Competitive bidding delay stands
WASHINGTON - The House of Representatives and the Senate voted late yesterday to override the president's veto of a Medicare bill that would delay national competitive bidding for 18 to 24 months.
The president vetoed the bill earlier in the day.
The House voted 383-41 and the Senate voted 70-26 to override the veto. The bill delays competitive bidding in exchange for a 9.5% nationwide cut for all products included in Round 1 of the program. It also exempts certain high-end rehab items from competitive bidding.
Additionally, the bill would allow providers to retain ownership of their oxygen equipment. As part of the 36-month oxygen cap, providers were supposed to transfer ownership of equipment to beneficiaries beginning Jan. 1, 2009.
At this point, the industry has no information on how CMS will manage the policy and payment changes
The bill's provisions, in more specific detail, include:
* Repeal of Deficit Reduction Act provision mandating that beneficiaries assume ownership of oxygen equipment. The law repeals the provision originally in the DRA that required beneficiaries to assume ownership after 36 months of medical need. This provision is effective Jan. 1, 2009.
* Competitive bid program delay. 18-24 month delay of Rounds 1 and 2 of the bid program. Terminates contracts awarded under Round 1 and restart the contracting process in those areas in 2009. Round 2 contracting process will begin in 2011. CMS cannot apply bid rates in non-bid areas until Round 2 is completed.
* Offset to pay for delay. In January 2009, the product categories included in Round 1 will be reduced by 9.5% nationwide. This policy does not affect diabetic supplies furnished by retail suppliers because they were not covered by the bidding program. Items that had been subject to the reduction will receive a 2% payment increase in 2014, except in any area where a competitive bidding contract is in effect or CMS has otherwise adjusted payment rates. Items that are not in a bid area will receive the full CPI update in 2010, 2011, 2012 and 2013. In 2014, these items will receive the CPI update plus 2%.
* Bidding process improvements. Requires CMS to notify bidders about paperwork discrepancies and give suppliers the opportunity to correct within a reasonable time frame. Provides CMS the authority to subdivide MSAs with more than 8 million people. Exempts rural areas and MSAs with a population of less than 250,000 from competitive bidding for at least five years. Requires suppliers who bid on diabetic testing supplies to offer brands that cover at least 50% of the market by volume (does not apply to Round 1). Before using its authority to adjust prices in non-bid areas, CMS must issue a regulation and consider how prices set through competitive bidding compare to costs for such items in non-bid areas. Requires HHS's Office of Inspector General to verify calculations used to determine the pivotal bid amount and winning bid amounts.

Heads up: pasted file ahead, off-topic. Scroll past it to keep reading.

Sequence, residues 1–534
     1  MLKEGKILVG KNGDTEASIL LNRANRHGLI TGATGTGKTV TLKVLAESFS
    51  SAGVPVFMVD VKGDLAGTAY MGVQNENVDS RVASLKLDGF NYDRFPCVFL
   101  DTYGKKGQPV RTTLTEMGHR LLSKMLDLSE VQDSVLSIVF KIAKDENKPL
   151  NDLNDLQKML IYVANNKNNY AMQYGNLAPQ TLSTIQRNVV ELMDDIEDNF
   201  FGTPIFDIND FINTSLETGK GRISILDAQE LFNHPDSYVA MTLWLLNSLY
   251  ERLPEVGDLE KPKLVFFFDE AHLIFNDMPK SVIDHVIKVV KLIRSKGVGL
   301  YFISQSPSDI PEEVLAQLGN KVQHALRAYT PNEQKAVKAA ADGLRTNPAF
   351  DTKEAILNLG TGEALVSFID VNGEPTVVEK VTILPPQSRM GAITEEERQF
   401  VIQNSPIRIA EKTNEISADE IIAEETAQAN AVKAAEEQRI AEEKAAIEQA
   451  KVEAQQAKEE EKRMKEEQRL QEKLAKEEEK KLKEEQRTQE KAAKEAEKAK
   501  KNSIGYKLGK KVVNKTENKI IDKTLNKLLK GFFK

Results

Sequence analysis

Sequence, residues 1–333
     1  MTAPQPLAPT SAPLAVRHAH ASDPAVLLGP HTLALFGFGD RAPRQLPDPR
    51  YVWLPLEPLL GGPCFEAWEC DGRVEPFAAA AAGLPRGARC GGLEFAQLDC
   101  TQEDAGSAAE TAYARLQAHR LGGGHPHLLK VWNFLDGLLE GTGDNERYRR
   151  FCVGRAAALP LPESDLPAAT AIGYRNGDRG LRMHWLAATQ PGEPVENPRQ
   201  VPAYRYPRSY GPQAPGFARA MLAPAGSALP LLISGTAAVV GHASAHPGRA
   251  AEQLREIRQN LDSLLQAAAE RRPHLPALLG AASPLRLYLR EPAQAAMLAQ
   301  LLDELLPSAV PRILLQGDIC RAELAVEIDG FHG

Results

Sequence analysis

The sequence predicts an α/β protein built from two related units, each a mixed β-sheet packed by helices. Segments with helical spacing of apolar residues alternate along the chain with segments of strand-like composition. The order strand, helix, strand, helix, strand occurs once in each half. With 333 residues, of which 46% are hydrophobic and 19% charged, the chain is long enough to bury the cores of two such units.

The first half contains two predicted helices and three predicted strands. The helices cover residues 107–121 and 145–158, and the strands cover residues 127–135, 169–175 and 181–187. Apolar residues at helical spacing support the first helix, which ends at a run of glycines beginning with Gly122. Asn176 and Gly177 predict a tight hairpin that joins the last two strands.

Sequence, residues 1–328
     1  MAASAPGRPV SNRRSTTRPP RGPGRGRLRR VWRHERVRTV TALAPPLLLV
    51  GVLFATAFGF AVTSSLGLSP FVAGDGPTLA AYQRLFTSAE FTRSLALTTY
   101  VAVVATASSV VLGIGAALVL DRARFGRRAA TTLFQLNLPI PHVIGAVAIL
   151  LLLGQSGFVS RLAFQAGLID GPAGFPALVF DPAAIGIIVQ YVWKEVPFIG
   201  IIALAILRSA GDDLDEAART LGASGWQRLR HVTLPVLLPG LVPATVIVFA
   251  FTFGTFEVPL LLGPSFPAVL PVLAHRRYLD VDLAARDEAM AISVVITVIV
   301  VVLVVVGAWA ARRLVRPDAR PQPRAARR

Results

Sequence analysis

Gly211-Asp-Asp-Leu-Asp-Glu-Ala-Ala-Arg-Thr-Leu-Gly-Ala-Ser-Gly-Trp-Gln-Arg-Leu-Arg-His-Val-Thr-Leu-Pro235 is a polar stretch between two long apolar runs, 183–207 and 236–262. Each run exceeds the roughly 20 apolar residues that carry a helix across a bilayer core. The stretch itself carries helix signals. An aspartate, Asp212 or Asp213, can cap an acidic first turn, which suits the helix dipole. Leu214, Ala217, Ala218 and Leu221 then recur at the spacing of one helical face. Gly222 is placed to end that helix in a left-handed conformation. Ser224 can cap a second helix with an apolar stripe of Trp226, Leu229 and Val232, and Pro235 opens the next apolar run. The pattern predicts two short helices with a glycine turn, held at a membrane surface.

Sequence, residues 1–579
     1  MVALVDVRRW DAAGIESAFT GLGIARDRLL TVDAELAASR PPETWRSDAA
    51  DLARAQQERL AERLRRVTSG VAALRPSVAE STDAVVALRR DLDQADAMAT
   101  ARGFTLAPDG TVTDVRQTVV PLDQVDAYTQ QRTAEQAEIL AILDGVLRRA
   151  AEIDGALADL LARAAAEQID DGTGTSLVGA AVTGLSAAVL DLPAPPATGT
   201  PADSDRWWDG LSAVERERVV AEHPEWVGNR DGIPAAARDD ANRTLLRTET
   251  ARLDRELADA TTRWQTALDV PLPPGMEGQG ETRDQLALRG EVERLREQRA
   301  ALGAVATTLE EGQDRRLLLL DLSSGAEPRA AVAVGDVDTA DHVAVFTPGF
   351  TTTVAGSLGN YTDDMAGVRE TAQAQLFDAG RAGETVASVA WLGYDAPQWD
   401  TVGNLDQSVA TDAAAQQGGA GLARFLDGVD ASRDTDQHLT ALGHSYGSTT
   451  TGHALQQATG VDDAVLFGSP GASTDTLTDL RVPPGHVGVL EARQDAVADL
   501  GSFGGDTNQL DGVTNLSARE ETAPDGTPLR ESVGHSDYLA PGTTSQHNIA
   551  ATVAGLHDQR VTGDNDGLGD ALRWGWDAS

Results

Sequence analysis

* Quality measures. Requires all suppliers to be accredited by Oct. 1, 2009. Therefore, all suppliers, whether they are billing Medicare directly or are a subcontractor to another supplier, will be subject to accreditation. Requires contracting suppliers to disclose all subcontracting relationships to CMS. Excludes physicians and other practitioners from DMEPOS accreditation requirements until CMS develops provider-specific standards. Allow CMS to waive physician accreditation if the agency determines they are subject other mandatory quality requirements. Establishes a separate ombudsman within CMS to handle supplier and beneficiary issues related to the competitive bidding program.
* Other changes. Excludes negative pressure wound therapy from Round 1 and requires CMS to evaluate how these items are coded and paid. Excludes Puerto Rico from Round 1 re-bidding (did not receive enough valid bids in original Round 1 for CMS to award any contracts). Allows physicians and other treating practitioners to supply "off-the-shelf orthotics" to their patients without being awarded competitive bidding contract. Allows hospitals in bidding areas to supply the same DMEPOS items that physicians and other practitioners will be able to supply (those that are considered an integral part of professional services) without being awarded contracts for those items. Ensures that podiatrists and other similar practitioners can prescribe DMEPOS items by using broader definition of physician in Social Security Act. (This relates to a drafting error in the MMA that pointed to the wrong definition of physician in the Social Security Act when requiring face-to-face examinations in order to prescribe DMEPOS items.) Delays mandated GAO report to coincide with delay to Round 1 and expands the scope of the report. Provides CMS implementation funding of $120 million.